Monthly Archives: June 2018

Steps to Downgrade MongoDB on Ubuntu (for UniFi Controller)

This is an example for downgrading from MongoDB version 3.6 to version 3.4 in Ubuntu 18.04 LTS, but it can be adapted for any combination of versions.

Remove old versions. Since this was done for a compatibility issue with UniFI Controller, the first step is optional

Install MongoDB v3.4 Community Edition using the guide below. They also provide guides specific to other versions that you may need.

If you are doing this for UniFi Controller (optional), download latest controller package for Ubuntu

Install it (optional)

Fix any broken packages



Restore Default Certificate Deployment Level for RemoteApp (Windows Server 2012 R2)

This guide details how to change the certificate deployment level of a Windows Server 2012 R2 RD system from “Trusted” back to the default configuration of “Not Configured.”    The main problem is that the Windows GUI does not allow you to simply delete the trusted certificate and reset it back to the default “Not Configured” state for the deployment certificate level. Instead the GUI will only let you choose a different certificate (whether trusted or self signed). The steps below will get around this limitation and allow you to reset the deployment level.

First set of steps are to delete any existing Remote Desktop certificates and have Windows generate a new one automatically:

  1. Launch mmc.exe on the 2012 R2 server
  2. Choose File-Add/Remove Snap in
  3. Add Certificates -> choose Computer account -> then Local computer. Click OK.
  4. On left hand side browse to Remote Desktop folder -> Certificates folder
  5. Delete all certificates
  6. Launch services.msc
  7. Restart Remote Desktop Configuration service
  8. In Event Viewer – System, you should see a notification that a new self signed certificate was created
  9. Go back to mmc.exe and at the top choose Action-Refresh.
  10. Confirm new certificate is shown in Remote Desktop folder -> Certificates folder
  11. Close mmc.exe. Choose No if it prompts to save.

The next set of steps are to change the deployment level:

There is one registry key that needs to be modified:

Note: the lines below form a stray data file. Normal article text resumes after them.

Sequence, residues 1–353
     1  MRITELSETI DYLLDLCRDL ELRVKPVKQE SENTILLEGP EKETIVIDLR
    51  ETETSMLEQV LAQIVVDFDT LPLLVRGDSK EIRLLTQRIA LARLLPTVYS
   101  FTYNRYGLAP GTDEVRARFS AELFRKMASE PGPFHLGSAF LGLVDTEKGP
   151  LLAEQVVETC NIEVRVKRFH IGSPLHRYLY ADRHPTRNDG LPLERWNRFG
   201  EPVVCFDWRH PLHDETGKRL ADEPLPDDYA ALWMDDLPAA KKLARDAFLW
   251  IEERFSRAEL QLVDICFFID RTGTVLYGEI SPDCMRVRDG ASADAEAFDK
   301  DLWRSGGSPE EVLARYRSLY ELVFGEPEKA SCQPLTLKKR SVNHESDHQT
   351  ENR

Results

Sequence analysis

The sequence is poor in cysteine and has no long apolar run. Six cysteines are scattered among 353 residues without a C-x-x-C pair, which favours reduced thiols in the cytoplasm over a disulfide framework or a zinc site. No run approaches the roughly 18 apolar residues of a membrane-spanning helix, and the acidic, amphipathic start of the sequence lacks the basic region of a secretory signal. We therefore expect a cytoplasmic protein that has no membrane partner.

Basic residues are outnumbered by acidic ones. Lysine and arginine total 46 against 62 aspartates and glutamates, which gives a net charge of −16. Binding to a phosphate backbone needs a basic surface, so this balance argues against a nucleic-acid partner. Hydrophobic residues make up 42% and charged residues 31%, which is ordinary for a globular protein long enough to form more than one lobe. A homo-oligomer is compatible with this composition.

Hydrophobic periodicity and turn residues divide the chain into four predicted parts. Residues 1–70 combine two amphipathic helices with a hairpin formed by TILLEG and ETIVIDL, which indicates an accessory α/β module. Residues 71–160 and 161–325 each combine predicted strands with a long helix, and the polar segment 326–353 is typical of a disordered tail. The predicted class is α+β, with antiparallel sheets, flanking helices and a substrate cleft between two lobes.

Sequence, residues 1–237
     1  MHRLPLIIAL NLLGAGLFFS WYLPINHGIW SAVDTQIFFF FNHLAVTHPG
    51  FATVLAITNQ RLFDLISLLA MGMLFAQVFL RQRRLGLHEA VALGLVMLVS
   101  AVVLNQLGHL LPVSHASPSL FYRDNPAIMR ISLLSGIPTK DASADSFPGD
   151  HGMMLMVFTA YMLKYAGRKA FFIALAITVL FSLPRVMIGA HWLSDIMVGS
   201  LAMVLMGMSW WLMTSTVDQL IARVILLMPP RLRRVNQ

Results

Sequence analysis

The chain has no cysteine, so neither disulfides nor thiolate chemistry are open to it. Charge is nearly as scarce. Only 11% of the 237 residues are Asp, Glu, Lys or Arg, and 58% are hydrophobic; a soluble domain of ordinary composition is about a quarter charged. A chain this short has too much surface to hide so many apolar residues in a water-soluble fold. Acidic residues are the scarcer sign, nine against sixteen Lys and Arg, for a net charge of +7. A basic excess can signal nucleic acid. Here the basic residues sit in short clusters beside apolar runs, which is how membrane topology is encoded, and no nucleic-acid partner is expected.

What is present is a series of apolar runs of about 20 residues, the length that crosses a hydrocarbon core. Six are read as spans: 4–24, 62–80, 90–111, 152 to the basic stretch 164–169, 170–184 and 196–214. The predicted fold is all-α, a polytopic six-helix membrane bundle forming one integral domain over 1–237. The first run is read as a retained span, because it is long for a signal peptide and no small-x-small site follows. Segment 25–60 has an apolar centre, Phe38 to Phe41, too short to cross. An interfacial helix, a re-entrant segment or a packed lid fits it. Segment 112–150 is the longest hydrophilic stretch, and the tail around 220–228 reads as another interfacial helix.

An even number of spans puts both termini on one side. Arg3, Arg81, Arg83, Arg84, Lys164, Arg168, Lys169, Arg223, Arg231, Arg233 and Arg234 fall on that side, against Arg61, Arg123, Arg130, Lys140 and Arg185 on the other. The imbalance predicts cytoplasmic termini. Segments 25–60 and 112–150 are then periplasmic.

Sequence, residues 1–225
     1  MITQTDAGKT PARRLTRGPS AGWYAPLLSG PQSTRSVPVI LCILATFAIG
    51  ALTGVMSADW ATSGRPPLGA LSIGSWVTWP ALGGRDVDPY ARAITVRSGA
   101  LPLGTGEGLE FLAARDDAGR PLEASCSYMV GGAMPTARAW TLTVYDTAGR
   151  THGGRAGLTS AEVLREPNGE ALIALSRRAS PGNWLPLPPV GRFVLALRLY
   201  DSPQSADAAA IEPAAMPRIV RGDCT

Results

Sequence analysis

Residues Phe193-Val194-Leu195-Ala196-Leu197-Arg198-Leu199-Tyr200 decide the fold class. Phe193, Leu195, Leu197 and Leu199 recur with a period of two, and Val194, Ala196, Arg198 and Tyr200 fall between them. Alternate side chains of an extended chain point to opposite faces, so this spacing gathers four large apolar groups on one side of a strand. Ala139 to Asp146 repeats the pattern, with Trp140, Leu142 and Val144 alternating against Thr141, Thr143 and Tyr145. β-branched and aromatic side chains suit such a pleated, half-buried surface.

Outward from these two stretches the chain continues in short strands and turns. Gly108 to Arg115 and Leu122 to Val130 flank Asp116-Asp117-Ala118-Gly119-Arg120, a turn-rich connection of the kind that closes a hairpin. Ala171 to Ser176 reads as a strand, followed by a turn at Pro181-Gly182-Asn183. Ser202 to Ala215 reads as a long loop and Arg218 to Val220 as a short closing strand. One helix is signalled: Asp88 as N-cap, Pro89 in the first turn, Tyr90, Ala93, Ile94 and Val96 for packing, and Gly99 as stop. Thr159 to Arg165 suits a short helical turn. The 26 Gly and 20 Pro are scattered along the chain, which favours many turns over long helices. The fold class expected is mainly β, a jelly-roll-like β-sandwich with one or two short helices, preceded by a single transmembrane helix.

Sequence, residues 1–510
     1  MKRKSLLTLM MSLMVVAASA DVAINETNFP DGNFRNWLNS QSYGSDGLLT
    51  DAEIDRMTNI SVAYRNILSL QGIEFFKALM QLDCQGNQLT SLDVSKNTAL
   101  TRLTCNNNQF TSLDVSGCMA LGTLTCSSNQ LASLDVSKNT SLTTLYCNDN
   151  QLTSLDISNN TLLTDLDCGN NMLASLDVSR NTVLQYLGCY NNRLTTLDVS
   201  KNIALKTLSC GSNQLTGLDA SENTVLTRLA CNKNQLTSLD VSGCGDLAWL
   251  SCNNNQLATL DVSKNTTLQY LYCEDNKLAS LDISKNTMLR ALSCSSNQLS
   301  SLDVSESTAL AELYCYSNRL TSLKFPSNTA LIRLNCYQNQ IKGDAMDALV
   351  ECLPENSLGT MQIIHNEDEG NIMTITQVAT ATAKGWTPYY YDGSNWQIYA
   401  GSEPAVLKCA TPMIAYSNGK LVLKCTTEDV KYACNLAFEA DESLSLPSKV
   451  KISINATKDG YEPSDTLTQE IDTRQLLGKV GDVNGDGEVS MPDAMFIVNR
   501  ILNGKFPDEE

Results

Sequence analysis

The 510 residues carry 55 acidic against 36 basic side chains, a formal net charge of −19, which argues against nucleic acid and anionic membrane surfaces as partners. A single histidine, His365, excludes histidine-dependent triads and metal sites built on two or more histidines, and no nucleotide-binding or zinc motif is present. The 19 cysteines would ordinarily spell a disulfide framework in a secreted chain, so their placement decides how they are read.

fHasCertificate – REG_DWORD set to a value of 0

Under this same key there is also a CertificateHash – REG_BINARY that contains thumbprint of the old certificate. It can probably be deleted but I have left it in place until it causes a problem.

There is a second key at the following location

with a key titled CertExpiryTracking and under it a key with a title equal to the old certificate thumbprint with a LastPeriodLogged REG_DWORD decimal value of 15.  The entire CertExpiryTracking key can probably be deleted but I have left it in place until it causes a problem.

Now you will need to connect to the Windows Internal Database:

  1. Download and install Microsoft SQL Server Management Studio (SSMS) v17 or higher
  2. Launch SSMS
  3. Connect to internal database using this server name:
  4. Navigate to Databases -> RDCms -> and select rds.DeploymentSetting
  5. Right click on it then choose Edit Top 200 Rows
  6. Rename the following items:
    1. RedirectorCertificate – > RedirectorCertificate.bak
    2. PublishingCertificate -> PublishingCertificate.bak
    3. DeploymentCertificateHash -> DeploymentCertificateHash.bak
    4. WebAccessCertificate -> WebAccessCertificate.bak
  7. Close SSMS
  8. Close and reopen any Server Manager windows. Then go back and check that deployment certificate level is now showing as Not Configured.

Also if you were using a trusted certificate in IIS you may need to change the certificate for RDWeb by following these steps:

  1. Launch IIS Manager
  2. Right click Default Web Site, choose Edit Bindings
  3. Select https, click Edit
  4. Choose the appropriate SSL certificate in the dropdown list
  5. Restart IIS

Inject Drivers into a Windows 7 PE Image

One scenario – booting a system using a USB Windows PE flash drive, the same flash drive then could not be read within Windows PE. This was because the PE image had no USB 3.0 drivers. The solution was to inject USB 3.0 drivers into the standard Windows 7 PE image.

  1. Download the desired drivers
  2. Extract the folder that contains the .cat, .inf, etc. files for the drivers (e.g., files can be extracted from a .exe using 7zip). Place them in a temporary folder (C:\x64)
  3. Create a mount point folder on your local drive (e.g., C:\mount)
  4. Open elevated command prompt
  5. Get the name of the Windows PE system by pointing dism to the wim file (which could be on a portable media or your local drive). For example:
  6. Mount it. In this example the name determined from previous step was “Microsoft Windows PE (x64)”
  7. Inject the drivers:
  8. Unmount

Create a Windows 7 PE Bootable USB Flash Drive (32 bit and 64 bit)

  1. Download Windows 7 AIK ISO file
  2. Burn the ISO or extract it to a folder (e.g., using 7zip)
  3. Run StartCD.exe
  4. Choose the “Windows AIK Setup” option
  5. When complete, navigate to Start->all programs -> Microsoft Windows AIK -> Deployment Tools Command Prompt
  6. In the Deployment Tools Command Prompt window, issue the following commands.
    Note: if needing a 32-bit version of Windows PE, replace “amd64 with “x86”
  7. Insert your flash drive
  8. Launch diskpart (Start button-> then type diskpart)
  9. Locate your flash drive with this commandlist disk
  10. Select it, format it and make it bootable (in this case the flash drive was disk 1) using these commands:
  11. Determine what drive letter has been assigned to your flash drive
  12. The last step is to copy files to flash drive (in this case drive letter of the flash drive was F:
  13. If you want to create an ISO to use later: